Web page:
Muriel’s Wedding was released at a time when the Swedish pop band ABBA was considered extremely uncool. But this movie and its lead character’s weird love for the band helped ignite newfound affection for ABBA’s music, which was also featured in another 1994 Australian movie, The Adventures of Priscilla, Queen of the Desert. ABBA-mania would continue to grow throughout the 90s, culminating in the dazzling West End and Broadway musical Mamma Mia! that would eventually become a world-wide phenomenon with a series of hit movies.
The movie was part of an extremely interesting wave of mid-90s Australian “crowd-pleaser” films that openly mixed comedy and pathos: in addition to The Adventures of Priscilla, Queen of the Desert, other such films included Strictly Ballroom and Shine.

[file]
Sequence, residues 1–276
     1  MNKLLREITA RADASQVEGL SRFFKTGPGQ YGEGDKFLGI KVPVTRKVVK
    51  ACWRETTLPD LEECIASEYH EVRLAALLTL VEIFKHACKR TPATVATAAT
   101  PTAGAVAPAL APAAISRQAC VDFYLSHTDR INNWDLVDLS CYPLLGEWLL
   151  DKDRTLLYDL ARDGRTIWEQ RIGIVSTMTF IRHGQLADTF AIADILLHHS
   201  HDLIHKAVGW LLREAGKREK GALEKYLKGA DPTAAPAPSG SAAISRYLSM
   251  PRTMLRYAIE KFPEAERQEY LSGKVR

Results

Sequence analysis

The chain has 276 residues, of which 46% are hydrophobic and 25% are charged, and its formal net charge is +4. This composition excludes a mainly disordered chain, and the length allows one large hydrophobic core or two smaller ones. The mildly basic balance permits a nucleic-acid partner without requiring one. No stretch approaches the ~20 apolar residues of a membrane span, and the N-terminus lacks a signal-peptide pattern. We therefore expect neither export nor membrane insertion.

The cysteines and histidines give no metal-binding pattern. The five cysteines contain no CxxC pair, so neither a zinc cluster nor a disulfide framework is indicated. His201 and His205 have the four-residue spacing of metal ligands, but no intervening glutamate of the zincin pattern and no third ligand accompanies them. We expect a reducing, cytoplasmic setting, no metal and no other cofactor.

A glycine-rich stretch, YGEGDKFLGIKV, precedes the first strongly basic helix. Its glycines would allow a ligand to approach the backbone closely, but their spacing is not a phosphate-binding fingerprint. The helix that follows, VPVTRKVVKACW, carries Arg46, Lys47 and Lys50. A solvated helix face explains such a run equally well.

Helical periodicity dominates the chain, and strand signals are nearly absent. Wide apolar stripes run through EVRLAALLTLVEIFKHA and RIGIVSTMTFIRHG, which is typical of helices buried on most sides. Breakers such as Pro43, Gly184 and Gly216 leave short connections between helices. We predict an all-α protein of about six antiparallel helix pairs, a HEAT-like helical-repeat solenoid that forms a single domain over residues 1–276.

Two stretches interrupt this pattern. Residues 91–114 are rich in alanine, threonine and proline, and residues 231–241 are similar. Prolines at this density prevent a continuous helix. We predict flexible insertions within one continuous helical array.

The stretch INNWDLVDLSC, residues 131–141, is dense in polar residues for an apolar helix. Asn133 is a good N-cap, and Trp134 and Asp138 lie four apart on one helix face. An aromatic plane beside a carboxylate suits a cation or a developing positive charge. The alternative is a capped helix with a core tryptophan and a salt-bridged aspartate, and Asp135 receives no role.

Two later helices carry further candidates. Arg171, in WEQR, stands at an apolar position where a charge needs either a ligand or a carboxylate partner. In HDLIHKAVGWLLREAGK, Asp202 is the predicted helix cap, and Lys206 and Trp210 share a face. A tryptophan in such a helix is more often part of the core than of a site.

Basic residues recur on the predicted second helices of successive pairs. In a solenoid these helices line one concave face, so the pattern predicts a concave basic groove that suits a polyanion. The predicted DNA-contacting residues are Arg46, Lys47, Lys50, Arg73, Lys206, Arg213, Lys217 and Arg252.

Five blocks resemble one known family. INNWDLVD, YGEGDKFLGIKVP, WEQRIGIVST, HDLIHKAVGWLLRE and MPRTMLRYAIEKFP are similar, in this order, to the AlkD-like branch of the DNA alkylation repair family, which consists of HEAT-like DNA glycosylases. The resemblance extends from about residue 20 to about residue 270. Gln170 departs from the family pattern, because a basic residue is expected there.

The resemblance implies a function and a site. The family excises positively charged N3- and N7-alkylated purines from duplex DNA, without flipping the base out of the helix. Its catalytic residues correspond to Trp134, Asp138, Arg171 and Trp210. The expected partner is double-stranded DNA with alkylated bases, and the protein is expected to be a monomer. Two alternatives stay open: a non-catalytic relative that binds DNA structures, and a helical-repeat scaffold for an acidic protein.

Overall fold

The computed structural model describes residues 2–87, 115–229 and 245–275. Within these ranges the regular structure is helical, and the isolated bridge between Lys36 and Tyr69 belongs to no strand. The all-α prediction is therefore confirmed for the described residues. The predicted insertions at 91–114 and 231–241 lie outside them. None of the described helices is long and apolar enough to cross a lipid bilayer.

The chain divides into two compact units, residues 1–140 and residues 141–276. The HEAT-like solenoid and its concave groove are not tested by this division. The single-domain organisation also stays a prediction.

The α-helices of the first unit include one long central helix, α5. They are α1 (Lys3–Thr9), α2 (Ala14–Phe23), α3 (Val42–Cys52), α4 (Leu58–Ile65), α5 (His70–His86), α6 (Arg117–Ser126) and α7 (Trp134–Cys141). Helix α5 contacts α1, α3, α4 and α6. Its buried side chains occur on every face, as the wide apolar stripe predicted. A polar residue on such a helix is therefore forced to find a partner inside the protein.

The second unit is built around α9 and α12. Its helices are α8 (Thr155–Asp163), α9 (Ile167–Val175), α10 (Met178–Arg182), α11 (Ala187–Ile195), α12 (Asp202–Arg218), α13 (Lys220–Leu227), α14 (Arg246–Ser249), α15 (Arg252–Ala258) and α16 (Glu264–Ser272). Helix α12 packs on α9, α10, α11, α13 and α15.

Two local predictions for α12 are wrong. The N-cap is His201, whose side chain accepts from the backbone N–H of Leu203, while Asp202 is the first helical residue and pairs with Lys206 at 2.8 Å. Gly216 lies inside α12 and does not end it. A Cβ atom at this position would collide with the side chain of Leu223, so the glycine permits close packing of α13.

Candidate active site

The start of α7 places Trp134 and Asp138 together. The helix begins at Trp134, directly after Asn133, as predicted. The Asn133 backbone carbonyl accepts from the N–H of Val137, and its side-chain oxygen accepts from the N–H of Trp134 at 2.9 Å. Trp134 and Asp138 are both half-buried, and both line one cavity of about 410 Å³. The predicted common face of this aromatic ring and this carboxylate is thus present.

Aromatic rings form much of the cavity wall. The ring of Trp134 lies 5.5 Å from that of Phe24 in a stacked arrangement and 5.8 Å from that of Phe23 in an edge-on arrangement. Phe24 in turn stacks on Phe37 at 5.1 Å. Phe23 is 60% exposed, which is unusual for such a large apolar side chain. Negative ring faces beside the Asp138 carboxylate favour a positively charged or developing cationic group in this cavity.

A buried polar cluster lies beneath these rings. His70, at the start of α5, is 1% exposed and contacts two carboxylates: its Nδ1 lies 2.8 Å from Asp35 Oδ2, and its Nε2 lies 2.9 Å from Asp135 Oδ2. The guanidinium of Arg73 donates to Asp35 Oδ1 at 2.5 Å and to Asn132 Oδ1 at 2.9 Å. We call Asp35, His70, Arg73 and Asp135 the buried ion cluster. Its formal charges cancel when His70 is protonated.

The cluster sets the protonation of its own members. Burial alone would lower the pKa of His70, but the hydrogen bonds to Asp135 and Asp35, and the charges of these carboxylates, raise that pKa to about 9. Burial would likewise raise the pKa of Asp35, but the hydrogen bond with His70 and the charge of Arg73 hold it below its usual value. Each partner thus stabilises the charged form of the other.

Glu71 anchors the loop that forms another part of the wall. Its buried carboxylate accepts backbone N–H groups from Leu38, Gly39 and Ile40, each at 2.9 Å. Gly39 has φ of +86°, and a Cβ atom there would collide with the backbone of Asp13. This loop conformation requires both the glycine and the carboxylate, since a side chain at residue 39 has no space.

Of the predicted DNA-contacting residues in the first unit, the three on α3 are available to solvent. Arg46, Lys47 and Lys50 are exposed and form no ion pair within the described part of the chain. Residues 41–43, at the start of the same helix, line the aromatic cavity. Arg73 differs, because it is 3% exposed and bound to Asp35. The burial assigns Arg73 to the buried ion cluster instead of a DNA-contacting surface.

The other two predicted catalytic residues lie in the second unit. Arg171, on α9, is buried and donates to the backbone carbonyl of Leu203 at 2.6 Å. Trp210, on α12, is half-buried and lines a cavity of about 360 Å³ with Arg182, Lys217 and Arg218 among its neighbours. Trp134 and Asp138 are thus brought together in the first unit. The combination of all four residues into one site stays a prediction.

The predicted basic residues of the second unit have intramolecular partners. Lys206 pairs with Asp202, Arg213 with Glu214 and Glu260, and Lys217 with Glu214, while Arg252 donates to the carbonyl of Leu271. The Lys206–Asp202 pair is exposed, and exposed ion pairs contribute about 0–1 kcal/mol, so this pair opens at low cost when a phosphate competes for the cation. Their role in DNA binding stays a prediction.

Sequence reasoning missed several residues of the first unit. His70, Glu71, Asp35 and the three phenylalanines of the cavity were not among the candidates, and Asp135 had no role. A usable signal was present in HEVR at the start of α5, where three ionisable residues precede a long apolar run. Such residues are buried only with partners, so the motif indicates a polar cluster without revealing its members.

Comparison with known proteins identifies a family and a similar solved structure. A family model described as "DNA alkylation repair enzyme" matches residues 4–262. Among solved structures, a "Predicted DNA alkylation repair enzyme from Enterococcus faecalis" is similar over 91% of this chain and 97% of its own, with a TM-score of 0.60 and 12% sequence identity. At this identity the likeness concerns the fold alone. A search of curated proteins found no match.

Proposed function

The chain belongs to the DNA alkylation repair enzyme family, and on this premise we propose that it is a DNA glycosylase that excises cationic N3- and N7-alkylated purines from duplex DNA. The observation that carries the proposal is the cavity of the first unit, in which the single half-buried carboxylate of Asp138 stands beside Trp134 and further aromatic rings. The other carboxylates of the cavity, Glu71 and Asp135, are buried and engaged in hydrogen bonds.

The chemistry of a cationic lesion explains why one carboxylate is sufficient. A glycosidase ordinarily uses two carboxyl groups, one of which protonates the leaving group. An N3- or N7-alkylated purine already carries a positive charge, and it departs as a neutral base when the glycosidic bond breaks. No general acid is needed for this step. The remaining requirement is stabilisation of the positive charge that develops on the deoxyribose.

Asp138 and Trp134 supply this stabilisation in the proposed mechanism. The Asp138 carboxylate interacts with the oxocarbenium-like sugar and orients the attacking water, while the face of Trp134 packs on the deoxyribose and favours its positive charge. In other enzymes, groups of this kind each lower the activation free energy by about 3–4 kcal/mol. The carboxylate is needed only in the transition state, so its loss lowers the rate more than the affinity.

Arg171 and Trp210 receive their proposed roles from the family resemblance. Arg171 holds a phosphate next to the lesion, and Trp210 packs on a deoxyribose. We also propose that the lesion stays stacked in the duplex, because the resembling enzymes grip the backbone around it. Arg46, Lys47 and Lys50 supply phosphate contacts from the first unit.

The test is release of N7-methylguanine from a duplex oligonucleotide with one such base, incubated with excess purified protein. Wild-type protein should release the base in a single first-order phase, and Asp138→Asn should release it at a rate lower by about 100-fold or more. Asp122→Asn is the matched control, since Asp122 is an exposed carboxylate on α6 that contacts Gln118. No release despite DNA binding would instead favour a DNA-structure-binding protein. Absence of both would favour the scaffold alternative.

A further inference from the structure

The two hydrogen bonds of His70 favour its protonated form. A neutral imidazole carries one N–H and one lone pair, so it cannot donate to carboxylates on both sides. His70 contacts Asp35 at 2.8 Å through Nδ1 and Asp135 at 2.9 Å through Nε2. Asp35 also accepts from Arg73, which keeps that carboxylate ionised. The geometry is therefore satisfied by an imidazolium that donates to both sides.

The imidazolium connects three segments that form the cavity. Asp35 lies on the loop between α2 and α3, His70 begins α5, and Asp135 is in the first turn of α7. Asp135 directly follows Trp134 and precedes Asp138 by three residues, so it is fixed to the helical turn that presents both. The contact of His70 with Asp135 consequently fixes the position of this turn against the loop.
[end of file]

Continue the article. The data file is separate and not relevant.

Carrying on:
But I’m not sure I would have re-watched Muriel’s Wedding if Michael and I weren’t living in Australia right now. I remember seeing the film when it was released in the 90s and loving it, but I remembered it as an outright comedy — a “feel-good” movie.
And it is funny at times. The film’s most famous scene is when Muriel and her new free-spirit friend Rhonda shock their old high school friends at a nightclub by appearing on stage to lip-sync an extremely exuberant rendition of the ABBA song “Waterloo.”
And, of course, the movie includes lots of wonderful catch-phrases and sight gags.
Every time Muriel is caught in another crime, her even-more-hapless sister gives her a sly smile and says, “You’re terrible, Muriel.” Naturally, that’s now a popular GIF.
And after Muriel’s friends reject her, and she pathetically follows them on vacation, one of them confronts her and says, “You’ve got no dignity, Muriel!” — despite the friend being decked out in her own less-than-dignified costume.